next time u get 'coolered', try and think through the hand like this and assess whether it really was a cooler. eliminating spew like this from your game will go a long way to increasing your winrate and minimising your downswings.
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Old 01-06-2010, 01:27 AM   #2
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Re: understanding relative hand strength (fairly long)

Good post again from Mr jackwilcox.
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Old 01-06-2010, 02:13 AM   #3
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Re: understanding relative hand strength (fairly long)

Great post JW
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Old 01-06-2010, 03:02 AM   #4
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Re: understanding relative hand strength (fairly long)

holy crap. this was good.
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Old 01-06-2010, 03:43 PM   #5
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Re: understanding relative hand strength (fairly long)

Really good article, I am sure myself and many others will be able to benefit from it.
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Old 01-06-2010, 03:53 PM   #6
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Re: understanding relative hand strength (fairly long)

Yeah but one important point you are forgetting that the fish can't have it every time!!
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Old 01-06-2010, 04:15 PM   #7
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Re: understanding relative hand strength (fairly long)

Quote:
Originally Posted by DonkDonkDonkDonk View Post
Yeah but one important point you are forgetting that the fish can't have it every time!!
like i said at the end of my post, even if u think he can have every combo of A2o and K2o then its still -EV to get it in.

realistically though, fish are 100% unbalanced in this spot and have a flush or boat literally every single time.
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Old 01-06-2010, 04:17 PM   #8
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Re: understanding relative hand strength (fairly long)

Quote:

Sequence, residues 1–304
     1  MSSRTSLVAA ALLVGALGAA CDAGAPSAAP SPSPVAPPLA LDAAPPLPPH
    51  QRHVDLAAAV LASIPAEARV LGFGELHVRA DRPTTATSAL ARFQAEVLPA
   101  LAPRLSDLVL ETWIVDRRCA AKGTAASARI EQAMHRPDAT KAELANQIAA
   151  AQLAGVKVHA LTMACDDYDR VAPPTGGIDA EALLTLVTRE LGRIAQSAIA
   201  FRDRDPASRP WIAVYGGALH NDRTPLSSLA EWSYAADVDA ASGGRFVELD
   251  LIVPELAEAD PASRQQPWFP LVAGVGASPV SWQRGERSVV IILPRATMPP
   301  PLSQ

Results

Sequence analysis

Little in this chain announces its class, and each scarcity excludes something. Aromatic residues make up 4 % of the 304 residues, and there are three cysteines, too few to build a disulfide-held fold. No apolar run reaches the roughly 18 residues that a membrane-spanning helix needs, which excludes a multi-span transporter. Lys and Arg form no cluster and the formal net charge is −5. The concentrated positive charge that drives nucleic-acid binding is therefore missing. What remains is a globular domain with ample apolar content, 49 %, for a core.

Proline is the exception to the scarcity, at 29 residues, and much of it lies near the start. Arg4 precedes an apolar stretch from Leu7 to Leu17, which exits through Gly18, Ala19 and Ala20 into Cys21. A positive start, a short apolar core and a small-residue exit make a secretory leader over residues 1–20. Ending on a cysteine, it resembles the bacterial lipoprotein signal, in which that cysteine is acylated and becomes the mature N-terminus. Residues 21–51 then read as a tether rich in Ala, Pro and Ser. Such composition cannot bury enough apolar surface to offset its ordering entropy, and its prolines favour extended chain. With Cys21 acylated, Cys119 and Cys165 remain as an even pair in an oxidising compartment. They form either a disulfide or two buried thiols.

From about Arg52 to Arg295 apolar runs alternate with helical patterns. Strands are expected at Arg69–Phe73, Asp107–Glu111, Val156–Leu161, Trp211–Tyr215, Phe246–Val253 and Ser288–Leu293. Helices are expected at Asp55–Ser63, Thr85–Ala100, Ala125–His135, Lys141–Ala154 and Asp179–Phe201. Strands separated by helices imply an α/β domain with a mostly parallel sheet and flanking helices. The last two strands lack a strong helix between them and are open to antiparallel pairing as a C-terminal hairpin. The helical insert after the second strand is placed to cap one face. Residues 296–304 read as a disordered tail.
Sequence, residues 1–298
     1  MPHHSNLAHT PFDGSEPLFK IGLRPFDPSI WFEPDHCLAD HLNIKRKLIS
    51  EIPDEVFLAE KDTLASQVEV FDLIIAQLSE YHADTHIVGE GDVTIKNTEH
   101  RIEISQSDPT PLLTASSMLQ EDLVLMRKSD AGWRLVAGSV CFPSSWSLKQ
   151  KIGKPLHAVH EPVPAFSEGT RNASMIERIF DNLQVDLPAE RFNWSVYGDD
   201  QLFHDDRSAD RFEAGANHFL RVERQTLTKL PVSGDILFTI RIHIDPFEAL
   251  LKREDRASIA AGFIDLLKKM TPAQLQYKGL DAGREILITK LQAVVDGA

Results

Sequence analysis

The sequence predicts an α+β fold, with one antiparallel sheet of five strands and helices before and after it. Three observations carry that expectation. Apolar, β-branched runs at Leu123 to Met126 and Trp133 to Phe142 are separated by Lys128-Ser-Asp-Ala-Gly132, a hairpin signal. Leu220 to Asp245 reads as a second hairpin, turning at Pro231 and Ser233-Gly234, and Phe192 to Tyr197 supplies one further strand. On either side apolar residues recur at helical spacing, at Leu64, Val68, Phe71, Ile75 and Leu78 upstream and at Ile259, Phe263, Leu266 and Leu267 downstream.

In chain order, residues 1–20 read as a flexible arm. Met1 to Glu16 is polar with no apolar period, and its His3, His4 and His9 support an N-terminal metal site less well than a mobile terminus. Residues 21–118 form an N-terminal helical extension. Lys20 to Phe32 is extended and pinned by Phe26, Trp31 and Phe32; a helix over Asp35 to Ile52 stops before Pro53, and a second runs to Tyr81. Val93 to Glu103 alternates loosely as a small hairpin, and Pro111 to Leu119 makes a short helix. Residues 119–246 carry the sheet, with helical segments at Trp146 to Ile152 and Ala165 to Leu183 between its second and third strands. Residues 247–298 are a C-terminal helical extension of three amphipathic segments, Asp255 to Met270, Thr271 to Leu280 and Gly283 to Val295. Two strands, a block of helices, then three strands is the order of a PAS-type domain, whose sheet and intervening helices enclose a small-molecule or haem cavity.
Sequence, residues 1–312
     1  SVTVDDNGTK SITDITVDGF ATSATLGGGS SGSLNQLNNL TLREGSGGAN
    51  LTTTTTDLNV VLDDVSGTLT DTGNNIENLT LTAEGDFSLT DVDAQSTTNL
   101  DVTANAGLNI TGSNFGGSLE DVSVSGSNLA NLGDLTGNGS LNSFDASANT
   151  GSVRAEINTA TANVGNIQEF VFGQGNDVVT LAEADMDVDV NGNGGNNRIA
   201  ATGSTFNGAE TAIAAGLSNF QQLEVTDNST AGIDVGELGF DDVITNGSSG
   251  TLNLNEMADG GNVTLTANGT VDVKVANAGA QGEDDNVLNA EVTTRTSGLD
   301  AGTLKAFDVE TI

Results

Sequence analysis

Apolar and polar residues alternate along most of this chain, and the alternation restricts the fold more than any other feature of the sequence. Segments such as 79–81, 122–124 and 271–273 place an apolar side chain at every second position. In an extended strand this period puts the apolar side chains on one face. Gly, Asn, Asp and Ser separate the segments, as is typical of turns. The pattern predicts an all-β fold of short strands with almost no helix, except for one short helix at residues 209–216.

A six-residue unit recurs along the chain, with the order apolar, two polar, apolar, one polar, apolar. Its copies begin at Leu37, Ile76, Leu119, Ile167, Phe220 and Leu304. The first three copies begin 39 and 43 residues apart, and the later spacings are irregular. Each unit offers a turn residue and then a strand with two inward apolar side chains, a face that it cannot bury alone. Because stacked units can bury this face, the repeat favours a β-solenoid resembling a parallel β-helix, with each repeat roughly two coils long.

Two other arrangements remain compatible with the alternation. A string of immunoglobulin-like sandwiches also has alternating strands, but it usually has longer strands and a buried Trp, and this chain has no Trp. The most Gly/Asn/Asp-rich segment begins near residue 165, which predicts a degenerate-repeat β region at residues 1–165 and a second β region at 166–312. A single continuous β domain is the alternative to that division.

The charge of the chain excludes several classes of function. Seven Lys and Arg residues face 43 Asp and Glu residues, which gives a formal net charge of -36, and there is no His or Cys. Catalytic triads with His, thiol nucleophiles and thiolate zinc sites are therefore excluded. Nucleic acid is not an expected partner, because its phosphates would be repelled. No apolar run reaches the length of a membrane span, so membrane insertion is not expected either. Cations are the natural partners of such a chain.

Originally Posted by DonkDonkDonkDonk View Post
Yeah but one important point you are forgetting that the fish can't have it every time!!
I wouldn't generally think that he wouldn't check raise you with nothing, fish or not he's playing loose-passive, so majority of hands hes going to bet when he got a piece of it, fold when he doesn't. The check/raise makes things a little more obvious

curious jack, what was villain holding?
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Old 01-06-2010, 04:19 PM   #9
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Re: understanding relative hand strength (fairly long)

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Originally Posted by devilman2075 View Post
curious jack, what was villain holding?
dont know, didnt ask my friend cos i didnt really care what specific hand the villain had - its not about being results orientated.

my friend lost the hand though because he iniated the conversation by saying "omg i run so bad i just got flush over flush!". which is why the post was inspired, because as evidenced by some simple maths, this isnt running bad, its just spewing off a stack.
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Old 01-06-2010, 04:53 PM   #10
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Re: understanding relative hand strength (fairly long)

Gold as usual. Misunderstanding relative hand strength is holding a lot of people back.

Even this specific hand demonstrates a huge leak.... I recall not too long ago being berated for folding a 4 hi flush on a paired board vs turn c/r. uNL forum should come here and read this.
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Old 01-06-2010, 06:01 PM   #11
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Re: understanding relative hand strength (fairly long)

TL;DR.

Spoiler:
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Old 01-06-2010, 06:10 PM   #12
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Re: understanding relative hand strength (fairly long)

I'm a victim of this, very good post and something I learnt the hard way, good post, Jack.

Should probably be formatted, though .
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Old 01-06-2010, 06:22 PM   #13
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Re: understanding relative hand strength (fairly long)

awesome post. look forwad to reading more of your thoughts.
Thanks
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Old 01-06-2010, 06:24 PM   #14
jackwilcox
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Re: understanding relative hand strength (fairly long)

Quote:
Originally Posted by ~run.it.twice View Post

Should probably be formatted, though .
lol yeah tbh i wish there was more font options and stuff with 2p2. i guess i could have been more imaginitive with the use of bold words or colours tho.
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Old 01-06-2010, 06:59 PM   #15
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Re: understanding relative hand strength (fairly long)

Quote:
Originally Posted by jackwilcox View Post
lol yeah tbh i wish there was more font options and stuff with 2p2. i guess i could have been more imaginitive with the use of bold words or colours tho.
I was talking more about capital letters and the like, but never mind :ninja:, good post.
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Old 01-06-2010, 10:06 PM   #16
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Re: understanding relative hand strength (fairly long)

good post but you could have just stated the baluga theorem
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Old 01-06-2010, 10:08 PM   #17
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Re: understanding relative hand strength (fairly long)

Quote:
Originally Posted by jackwilcox View Post
like i said at the end of my post, even if u think he can have every combo of A2o and K2o then its still -EV to get it in.